Before Thanksgiving, we discussed when for profit, non-profit, and public sector employers may accept volunteer service from employees. One of our readers, an HR director at a telecom company, pointed out that there is one other kind of “volunteer” service that often presents difficult questions for employers: whether to pay employees for attending lectures, training, or meetings that are separate from the pre-shift meetings we have discussed in past posts. In some situations, the FLSA regulations may not require you to count as hours worked the time that your non-exempt employees spend attending lectures, training, and meetings. Before marching over to the payroll department, though, keep a couple of things in mind.
Employee Relations Should Come First
From employers’ perspectives, I understand that training can be expensive, and that it represents a substantial investment in your employees. Before looking for ways to spend less on paying employees for time spent in those events, I always encourage employers to think twice. The monetary investments in training and paying employees to attend training will pay off. How?
- Training helps your business run efficiently. Better trained employees are better equipped to tackle whatever comes their way without sacrificing quality or efficiency.
- With the economy bouncing back, employer-provided training is a great recruitment tool. Offering employees the opportunity to acquire new, portable skills and training can be as attractive or more attractive than simply raising an hour rate.
- Studies have consistently shown that job training promotes employee satisfaction. The more engaged and satisfied your employees are, the more their success will align with your business’s success.
Finally, training is an excellent retention tool because it breeds loyalty and commitment. Employees are more likely to stay with your company if you have offered them more than just a paycheck or a stagnant career.
The FLSA on Training, Lectures, and Meetings
My soapbox speeches aside, the FLSA regulations do specify that an employee’s time attending a meeting, seminar, lecture, or training need not be counted if:
(a) Attendance is outside of the employee’s regular working hours;
(b) Attendance is in fact voluntary;
(c) The course, lecture, or meeting is not directly related to the employee’s job; and
(d) The employee does not perform any productive work during such attendance.
Outside of Working Hours
This is the easiest requirement to understand. If the employee attends the class, training, or meeting at night, on a weekend, or at another time when he or she is not normally scheduled to work, then this requirement is met. Simply excusing an employee from work to attend training does not meet this requirement, though.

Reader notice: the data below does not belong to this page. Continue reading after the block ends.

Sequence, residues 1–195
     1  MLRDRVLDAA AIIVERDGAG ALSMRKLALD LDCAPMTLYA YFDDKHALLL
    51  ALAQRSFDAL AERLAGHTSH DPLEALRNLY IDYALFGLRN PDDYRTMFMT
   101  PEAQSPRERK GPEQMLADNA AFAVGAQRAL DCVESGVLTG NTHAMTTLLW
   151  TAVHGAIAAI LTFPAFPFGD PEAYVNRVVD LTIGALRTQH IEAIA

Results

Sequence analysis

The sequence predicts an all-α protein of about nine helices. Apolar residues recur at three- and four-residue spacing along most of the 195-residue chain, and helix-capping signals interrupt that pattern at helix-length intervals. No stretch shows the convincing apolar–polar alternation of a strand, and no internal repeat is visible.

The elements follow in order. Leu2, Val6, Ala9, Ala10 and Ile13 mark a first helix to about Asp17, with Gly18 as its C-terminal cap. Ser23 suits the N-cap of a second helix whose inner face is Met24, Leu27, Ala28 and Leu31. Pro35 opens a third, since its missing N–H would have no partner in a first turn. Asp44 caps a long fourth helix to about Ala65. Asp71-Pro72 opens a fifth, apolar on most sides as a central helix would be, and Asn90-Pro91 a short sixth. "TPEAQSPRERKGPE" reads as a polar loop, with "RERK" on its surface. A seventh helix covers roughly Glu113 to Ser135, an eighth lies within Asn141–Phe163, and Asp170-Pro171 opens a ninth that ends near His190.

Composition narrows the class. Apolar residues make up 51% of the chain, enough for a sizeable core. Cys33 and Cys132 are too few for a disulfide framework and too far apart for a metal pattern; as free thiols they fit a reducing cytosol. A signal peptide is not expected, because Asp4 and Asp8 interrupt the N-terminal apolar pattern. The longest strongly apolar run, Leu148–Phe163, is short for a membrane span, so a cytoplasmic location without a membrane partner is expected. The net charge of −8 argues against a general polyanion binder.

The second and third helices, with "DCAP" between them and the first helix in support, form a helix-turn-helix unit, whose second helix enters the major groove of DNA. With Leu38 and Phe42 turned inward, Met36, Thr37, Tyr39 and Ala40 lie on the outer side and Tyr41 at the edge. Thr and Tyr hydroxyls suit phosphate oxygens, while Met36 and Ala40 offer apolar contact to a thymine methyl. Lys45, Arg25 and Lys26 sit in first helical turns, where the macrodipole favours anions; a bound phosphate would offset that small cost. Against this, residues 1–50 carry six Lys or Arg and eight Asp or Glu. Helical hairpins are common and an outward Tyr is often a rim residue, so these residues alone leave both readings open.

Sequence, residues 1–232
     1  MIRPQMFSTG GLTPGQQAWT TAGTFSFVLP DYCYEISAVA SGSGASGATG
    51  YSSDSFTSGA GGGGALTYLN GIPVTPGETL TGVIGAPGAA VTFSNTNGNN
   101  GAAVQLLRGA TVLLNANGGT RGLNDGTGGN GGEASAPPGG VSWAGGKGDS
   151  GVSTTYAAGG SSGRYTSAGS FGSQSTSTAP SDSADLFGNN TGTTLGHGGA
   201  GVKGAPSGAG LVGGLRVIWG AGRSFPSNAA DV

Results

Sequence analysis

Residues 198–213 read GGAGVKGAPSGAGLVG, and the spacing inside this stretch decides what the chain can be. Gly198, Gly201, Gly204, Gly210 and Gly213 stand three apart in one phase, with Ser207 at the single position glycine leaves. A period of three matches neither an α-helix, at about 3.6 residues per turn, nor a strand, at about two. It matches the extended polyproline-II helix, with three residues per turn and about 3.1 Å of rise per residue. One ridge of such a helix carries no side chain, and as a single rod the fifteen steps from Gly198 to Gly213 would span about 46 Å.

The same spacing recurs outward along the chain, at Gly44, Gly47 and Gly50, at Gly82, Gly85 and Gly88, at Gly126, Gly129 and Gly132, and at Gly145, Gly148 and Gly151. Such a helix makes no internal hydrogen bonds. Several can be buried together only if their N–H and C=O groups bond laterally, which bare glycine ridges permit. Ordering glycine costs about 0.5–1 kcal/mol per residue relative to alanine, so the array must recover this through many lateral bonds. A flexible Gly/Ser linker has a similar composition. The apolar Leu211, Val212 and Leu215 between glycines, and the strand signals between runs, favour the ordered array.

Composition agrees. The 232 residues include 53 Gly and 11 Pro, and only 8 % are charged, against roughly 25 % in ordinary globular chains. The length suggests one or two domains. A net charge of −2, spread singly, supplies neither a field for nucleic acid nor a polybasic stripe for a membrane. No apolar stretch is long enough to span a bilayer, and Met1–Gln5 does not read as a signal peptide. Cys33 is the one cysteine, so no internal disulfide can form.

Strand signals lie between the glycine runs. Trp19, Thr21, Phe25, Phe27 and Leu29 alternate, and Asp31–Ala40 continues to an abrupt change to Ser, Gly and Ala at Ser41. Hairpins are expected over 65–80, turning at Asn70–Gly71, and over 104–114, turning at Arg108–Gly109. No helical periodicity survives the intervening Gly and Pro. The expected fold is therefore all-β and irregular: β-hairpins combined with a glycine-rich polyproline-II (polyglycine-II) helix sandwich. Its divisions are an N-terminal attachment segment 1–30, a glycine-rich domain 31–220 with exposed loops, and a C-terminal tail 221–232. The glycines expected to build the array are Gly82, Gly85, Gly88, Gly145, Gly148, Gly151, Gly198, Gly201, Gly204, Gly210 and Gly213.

The FLSA regulations go on to state the obvious: if you require the employee to attend the lecture, training, or meeting–even if you give them the choice of when to do it–then it isn’t voluntary. If you are not sure if the employee’s attendance is voluntary, ask what action you would take (if any) if the employee did not do so. If the employee would suffer any kind of adverse action (discipline, discharge, loss of pay, delay or denial of a raise/promotion or other opportunity, loss of job duties, etc.), then attendance is not voluntary.
Directly Related Training
Employers most frequently encounter problems with this third element. To be non-compensable, the training must be unrelated to the employees’ present job duties. The FLSA regulations are as clear as mud on this point. Training can be related to the job, but must not be targeted to helping employees perform their current job duties more effectively. If the training will help the employee gain a new certification, a new skill, or a more advanced skill, then the training may not be directly related for purposes of this third test. This factor lends itself to examples, which I’ll share after the Thanksgiving holiday.
The final test can be a bit tricky as well. Work that is just for practice as part of training that an employer cannot use is not “productive work.” On the flipside, if the employer will use the work product produced during a lecture, training, or meeting, then it is work that the employer must compensate the employee for doing.
There are special rules that apply to apprenticeship programs and public sector employees, so anyone in those situations should not rely on the four criteria above in analyzing their situation without considering these rules as well.
Upshot for Employers
Setting aside the employee relations issue, employers who send employees to attend work-related meetings, seminars, lectures, or training normally must count those hours as hours worked for purposes of FLSA minimum wage and overtime calculations. However, this is not a hard and fast rule. Some activities will meet the four-part test above, but employers would be well advised to get an opinion first before making the decision to exempt a meeting, seminar, lecture, or training from compensable hours.